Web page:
The following is data from Feeding America's 2009 comprehensive study of hunger in America published in the report Hunger in America 2010:
As a nation, we have a special responsibility to vulnerable populations such as the elderly. Food insecurity among this vulnerable population is especially troublesome because they have unique nutritional needs and may require special diets for medical conditions.
The following are some key findings from the study regarding the elderly in our country:
- Nearly 3 million elderly persons are served by Feeding America (member programs) each year. 18.6 percent of client households have at least one member who is age 65 or over, and 52 percent of these households are food insecure - an estimated 1.2 million households.
- Among all clients served by Feeding America, 8 percent were seniors age 65 or over while 14.2 percent of adult clients interviewed at emergency feeding programs were 65 or older.
- Among all client households with at least one senior, 10.5 percent use senior brown bag programs, 16.5 percent attend senior nutrition sites (such as senior centers that serve lunch) and 6.6 percent receive home-delivered meals or meals-on-wheels.
- 30 percent of client households with seniors indicated that they have had to choose between food and medical care and 35 percent had to choose between food and paying for heat/utilities.
- 7.5 percent of households with seniors (2.2 million households) were food insecure. [ii].
- 8.9 percent of the elderly live below the poverty line, 3.4 million older Americans [iii].
- Elderly households are much less likely to receive help through the Supplemental Nutrition Assistance Program (SNAP) than non-elderly households, even when expected benefits are roughly the same [v].
- Seniors require greater consideration towards their health and medical needs that can become compromised when there is not enough food to eat. A study which examined the health and nutritional status of seniors found that food insecure seniors had significantly lower intakes of vital nutrients in their diets when compared to their food secure counterparts. In addition, food insecure seniors were 2.33 times more likely to report fair/poor health status and had higher nutritional risk [vi].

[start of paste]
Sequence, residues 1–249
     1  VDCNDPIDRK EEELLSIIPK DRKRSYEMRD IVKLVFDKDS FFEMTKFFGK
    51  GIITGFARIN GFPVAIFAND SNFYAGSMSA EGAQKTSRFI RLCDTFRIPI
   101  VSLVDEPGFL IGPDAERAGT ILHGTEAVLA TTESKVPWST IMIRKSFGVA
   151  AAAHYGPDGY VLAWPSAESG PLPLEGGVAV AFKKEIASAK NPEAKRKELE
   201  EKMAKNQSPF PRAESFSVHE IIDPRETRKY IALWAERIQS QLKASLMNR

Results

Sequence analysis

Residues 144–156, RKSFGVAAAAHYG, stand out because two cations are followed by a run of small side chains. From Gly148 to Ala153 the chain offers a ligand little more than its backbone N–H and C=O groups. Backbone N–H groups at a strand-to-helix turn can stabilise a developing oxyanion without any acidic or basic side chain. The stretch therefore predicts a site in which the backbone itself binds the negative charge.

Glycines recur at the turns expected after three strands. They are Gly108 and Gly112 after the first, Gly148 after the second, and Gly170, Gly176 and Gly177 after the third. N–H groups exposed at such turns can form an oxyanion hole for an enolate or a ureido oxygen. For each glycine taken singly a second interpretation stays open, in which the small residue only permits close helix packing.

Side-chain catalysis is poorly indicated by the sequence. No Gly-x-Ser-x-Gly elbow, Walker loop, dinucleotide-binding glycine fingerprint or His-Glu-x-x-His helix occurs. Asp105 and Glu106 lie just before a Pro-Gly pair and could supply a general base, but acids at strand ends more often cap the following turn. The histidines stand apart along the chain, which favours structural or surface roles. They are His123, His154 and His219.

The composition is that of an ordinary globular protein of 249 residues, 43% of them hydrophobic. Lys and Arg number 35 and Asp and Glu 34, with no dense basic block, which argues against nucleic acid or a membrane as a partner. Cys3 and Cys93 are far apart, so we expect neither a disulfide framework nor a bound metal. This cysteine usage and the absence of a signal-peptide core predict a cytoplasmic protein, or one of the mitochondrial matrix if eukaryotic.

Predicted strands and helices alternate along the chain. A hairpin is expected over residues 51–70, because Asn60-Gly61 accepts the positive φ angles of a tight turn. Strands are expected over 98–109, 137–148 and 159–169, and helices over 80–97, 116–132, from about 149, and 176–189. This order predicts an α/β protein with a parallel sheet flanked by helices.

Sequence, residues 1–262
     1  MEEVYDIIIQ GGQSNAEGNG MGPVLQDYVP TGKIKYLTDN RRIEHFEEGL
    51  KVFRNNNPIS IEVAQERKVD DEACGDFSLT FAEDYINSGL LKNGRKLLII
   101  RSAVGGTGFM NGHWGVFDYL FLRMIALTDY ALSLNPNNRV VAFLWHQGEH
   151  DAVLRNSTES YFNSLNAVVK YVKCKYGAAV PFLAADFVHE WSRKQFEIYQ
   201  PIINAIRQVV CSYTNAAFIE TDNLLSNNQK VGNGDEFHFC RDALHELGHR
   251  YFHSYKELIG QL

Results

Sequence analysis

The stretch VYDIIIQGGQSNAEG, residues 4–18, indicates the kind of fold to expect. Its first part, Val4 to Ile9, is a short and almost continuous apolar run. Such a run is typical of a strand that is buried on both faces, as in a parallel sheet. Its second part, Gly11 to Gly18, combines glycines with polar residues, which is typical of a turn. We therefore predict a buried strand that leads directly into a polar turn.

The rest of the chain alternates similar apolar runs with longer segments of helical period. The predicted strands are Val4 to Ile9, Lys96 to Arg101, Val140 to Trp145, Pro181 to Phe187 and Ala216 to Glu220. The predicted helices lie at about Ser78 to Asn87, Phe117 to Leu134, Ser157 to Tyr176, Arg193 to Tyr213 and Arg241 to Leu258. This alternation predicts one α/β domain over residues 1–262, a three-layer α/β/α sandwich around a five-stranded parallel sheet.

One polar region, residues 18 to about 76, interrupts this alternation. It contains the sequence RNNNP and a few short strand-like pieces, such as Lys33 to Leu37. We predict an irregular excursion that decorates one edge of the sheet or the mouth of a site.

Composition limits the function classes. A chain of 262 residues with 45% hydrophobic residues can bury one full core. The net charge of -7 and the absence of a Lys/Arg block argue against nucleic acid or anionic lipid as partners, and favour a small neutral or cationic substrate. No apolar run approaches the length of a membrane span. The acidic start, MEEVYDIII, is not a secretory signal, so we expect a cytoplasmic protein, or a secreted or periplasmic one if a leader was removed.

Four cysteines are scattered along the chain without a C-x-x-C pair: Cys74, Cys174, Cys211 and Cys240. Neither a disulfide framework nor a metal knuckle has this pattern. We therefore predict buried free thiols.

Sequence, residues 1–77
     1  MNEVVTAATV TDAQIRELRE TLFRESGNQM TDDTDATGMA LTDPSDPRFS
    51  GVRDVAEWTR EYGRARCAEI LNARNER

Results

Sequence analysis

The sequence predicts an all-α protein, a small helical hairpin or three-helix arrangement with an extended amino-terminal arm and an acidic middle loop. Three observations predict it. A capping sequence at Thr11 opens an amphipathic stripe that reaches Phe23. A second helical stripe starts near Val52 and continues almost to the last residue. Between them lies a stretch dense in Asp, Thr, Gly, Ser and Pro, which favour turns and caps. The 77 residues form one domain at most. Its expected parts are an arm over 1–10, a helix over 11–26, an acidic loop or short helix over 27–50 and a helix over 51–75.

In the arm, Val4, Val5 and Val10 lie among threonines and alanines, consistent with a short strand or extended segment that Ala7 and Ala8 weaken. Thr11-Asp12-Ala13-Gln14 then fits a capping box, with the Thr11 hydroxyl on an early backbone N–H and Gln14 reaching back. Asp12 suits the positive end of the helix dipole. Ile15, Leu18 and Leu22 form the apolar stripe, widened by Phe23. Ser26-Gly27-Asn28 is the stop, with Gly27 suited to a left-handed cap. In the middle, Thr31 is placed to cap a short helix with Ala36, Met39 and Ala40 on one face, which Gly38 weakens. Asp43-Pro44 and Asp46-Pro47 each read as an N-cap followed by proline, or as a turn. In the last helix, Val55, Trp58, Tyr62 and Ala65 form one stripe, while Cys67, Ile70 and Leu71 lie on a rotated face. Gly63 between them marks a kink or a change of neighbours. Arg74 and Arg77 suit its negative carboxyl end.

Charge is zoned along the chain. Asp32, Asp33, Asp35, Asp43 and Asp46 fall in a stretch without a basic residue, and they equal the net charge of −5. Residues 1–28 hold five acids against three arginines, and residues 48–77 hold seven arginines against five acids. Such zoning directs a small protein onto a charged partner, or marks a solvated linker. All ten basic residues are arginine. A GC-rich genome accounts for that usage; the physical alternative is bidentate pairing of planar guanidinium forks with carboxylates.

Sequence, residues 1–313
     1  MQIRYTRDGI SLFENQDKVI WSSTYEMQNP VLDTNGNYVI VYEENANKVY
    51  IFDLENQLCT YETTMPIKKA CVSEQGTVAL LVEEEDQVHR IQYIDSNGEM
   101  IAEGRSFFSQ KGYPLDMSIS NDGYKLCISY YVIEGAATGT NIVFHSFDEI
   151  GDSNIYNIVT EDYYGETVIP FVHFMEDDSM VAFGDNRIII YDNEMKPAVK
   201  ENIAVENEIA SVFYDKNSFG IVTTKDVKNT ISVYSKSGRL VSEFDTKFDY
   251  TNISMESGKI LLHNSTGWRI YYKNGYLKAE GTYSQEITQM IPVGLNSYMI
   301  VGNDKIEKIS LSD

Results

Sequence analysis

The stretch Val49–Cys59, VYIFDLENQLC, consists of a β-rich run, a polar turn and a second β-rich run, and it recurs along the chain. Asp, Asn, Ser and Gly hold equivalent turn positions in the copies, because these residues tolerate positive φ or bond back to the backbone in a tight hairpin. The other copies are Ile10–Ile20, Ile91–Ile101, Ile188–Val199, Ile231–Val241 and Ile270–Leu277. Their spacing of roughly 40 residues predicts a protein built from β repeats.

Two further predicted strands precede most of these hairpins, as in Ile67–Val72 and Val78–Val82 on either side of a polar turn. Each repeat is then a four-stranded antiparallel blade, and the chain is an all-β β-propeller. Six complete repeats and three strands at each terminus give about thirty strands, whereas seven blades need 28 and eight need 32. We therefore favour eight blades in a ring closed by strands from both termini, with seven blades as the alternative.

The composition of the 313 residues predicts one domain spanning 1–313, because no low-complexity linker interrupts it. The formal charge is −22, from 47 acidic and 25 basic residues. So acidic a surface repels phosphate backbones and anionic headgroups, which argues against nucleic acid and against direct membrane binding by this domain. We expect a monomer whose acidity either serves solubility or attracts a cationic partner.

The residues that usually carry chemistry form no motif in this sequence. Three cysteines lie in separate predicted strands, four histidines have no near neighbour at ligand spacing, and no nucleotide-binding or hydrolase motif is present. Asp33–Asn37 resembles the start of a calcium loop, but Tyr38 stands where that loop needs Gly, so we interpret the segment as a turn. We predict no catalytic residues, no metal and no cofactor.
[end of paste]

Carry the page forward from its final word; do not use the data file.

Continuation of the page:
- For seniors, protecting oneself from food insecurity and hunger is more difficult than for the general population. For example, a study that focused on the experience of food insecurity among the elderly population found that food insecure seniors sometimes had enough money to purchase food but did not have the resources to access or prepare food due to lack of transportation, functional limitations, or health problems [vii].
[i] Rhoda Cohen, J., Mabli, F., Potter, Z., Zhao. Mathematica Policy Research, Feeding America. Hunger in America 2010. February 2010.
[ii] Nord, Mark, M. Andrews, S. Carlson. United States Department of Agriculture/Economic Research Service. Household Food Security in the United States, 2009. (ERR-49) November 2010.
[iii] DeNavas-Walt, Carmen, B.D. Proctor, J. Smith. U.S. Census Bureau. Income, Poverty, and Health Insurance Coverage in the United States: 2009. September 2010.
[v] United States Department of Agriculture/Office of Analysis, Nutrition, and Evaluation. Elderly Participation and the Minimum Benefit. November 2002.
[vi] Lee JS, Frongillo, Jr. EA. Nutritional and health consequences are associated with food insecurity among U.S. elderly persons. J. Nutr. 131: 1503-1509, 2001
[vii] Wolfe WS, Frongillo EA, Valois P. Understanding the experience of food insecurity by elders suggests ways to improve its measurement. J. Nutr. 133:2762-2769, 2003.